then: the death of a child and the
bitter lesson that a heart which�
breaks must mend itself again
(that it can and must be done), and�
what loyalty can mean, and how
real a word like courage can be-
come, and that solitude can be
rich and gratifying and quite�
different from loneliness….

There is so little the serious heart�
requires: friends, faith, a window
open to to the world, pride in work
well done, and strength to live in
a world at war and still maintain
the heart’s own private peace….

Dear Heaven, I give thanks to thee
for the things I did not know before,
for the wisdom of maturity,
for bread, and a roof, and for
one thing more…
Thanks because I still can see
the bloom on the white magnolia tree!
by�
Helen Deutsch

Oct
9
Geeky
THE SEASON OF SPRING

the season of spring
weather seems to sing
lovely lovely days
are coming our ways

the season of spring
blooming blossoming
of nature of all kind
let roots unbind

the season of spring
birds unfold their wings
diving high into sky
wish one could fly

the season of spring
careful hearts love sting
reaching out towards others
some persons might bother

the season of spring
nice sound bells ring
new wave new style
faces have on a smile

the season of spring
an new awakening
busy humanity on earth
as if it’s a new birth

listen listen to my words
the season of spring is near
now a look into your lovely eyes
and one can see spring is already here
Morhardt Carmen Mencita Monoi Angel
Sep
20
Happy
Petals[/B]

Life is a stream
On which we strew
Petal by petal the flower of our heart;
The end lost in dream,
They float past our view,
We only watch their glad, early start.
Freighted with hope,
Crimsoned with joy,
We scatter the leaves of our opening rose;
Their widening scope,
Their distant employ,
We never shall know. And the stream as it flows
Sweeps them away,
Each one is gone
Ever beyond into infinite ways.
We alone stay
While years hurry on,
The flower fared forth, though its fragrance still stays.

by Amy Lowell
Sep
17
Happy
Thank you dear friend, it is my greatest pleasure to make may friends feel good. Here is a different type of a poem. It tells of English/ Irish, Scottish women in colonial days of Australia, leaving the comforts of the civilized world (England) for the hardships associated with undeveloped agricultural and cattle raising life on a new continent.

The Women of the West.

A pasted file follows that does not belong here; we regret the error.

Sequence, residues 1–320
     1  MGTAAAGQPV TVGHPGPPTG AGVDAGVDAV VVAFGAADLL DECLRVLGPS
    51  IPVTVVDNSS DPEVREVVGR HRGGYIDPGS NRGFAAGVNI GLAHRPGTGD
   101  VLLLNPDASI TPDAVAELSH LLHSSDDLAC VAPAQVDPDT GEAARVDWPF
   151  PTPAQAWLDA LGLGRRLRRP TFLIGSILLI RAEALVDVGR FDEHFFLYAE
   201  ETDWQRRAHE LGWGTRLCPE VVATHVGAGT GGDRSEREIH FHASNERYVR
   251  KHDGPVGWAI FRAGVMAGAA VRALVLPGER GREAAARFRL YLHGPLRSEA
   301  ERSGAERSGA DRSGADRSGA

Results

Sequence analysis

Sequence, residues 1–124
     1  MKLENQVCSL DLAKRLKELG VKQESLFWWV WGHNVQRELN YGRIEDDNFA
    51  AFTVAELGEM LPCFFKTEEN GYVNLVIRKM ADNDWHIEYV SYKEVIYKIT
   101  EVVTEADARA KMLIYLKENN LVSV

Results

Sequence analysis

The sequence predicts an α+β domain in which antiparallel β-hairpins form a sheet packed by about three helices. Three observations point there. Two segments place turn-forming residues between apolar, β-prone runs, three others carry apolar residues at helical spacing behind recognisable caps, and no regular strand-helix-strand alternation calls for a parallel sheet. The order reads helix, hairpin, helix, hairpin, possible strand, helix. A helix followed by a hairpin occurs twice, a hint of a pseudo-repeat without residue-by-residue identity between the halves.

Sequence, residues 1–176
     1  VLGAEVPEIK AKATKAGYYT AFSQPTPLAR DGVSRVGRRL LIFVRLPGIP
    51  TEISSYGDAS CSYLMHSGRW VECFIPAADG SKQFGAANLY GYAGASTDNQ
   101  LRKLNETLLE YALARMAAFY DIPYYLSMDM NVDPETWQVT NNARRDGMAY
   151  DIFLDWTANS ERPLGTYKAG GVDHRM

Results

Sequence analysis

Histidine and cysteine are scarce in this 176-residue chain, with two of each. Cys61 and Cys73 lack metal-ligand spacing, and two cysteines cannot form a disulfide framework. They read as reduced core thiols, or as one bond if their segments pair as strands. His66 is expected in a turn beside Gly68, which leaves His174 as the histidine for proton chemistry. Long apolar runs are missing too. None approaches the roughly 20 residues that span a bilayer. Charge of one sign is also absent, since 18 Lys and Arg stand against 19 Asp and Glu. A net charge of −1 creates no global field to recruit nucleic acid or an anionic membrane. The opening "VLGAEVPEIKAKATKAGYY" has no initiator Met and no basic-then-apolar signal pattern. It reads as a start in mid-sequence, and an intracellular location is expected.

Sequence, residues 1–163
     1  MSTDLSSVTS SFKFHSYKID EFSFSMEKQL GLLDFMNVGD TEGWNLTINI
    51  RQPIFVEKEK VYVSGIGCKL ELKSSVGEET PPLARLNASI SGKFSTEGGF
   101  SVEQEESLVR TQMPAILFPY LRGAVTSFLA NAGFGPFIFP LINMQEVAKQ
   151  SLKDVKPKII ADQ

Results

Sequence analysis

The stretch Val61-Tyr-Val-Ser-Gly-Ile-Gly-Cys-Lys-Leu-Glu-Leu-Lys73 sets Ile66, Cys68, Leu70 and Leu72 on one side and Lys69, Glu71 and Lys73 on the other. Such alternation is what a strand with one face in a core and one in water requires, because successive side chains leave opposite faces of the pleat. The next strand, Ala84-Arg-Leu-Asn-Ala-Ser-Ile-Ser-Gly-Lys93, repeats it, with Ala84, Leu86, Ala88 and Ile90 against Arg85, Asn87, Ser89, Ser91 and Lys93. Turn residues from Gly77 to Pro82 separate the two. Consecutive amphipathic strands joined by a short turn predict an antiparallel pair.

They left their vine-wreathed cottages and the mansion on the hill,
The houses on the busy streets where life is never still,
The pleasures of the city and the friends they cherished best,
For love they faced in the wilderness – the women of the West.

The roar and rush and fever of the city died away,
And the old-time joys and faces, they were gone for many a day;
In their place the lurching coach wheel or the creaking bullock chains,
O’er the everlasting sameness of the never-ending plains.

In the slab-built zinc-roofed homestead of some lately taken run,
In a tent beside the bankment of a railway just begun,
In the huts of new selections, in a camp of men’s unrest,
On the frontiers of the nations, lived the women of the West.

The red sun robbed their beauty and in weariness and pain,
The slow years steal the nameless grace that never comes again,
And there are hours men cannot soothe and words men cannot say –
The nearest woman’s face may be a hundred miles away.

The wide bush holds the secret of their longings and desires,
When the white stars in reverence light their holy altar fires,
And silence, like the touch of God, sinks deep into the chest –
Perchance He hears and understands the women of the West.

For them no trumpet sounds the call, no poet plies his arts –
They only hear the beating of their gallant loving hearts.
But they have sung with silent lives the songs all songs above –
The holiness of sacrifice, the dignity of love.

Well have we held our father\'s creed. No call has passed us by.
We faced and fought the wilderness, we sent our sons to die.
And we have hearts to do and dare, and yet, o\'er all the rest,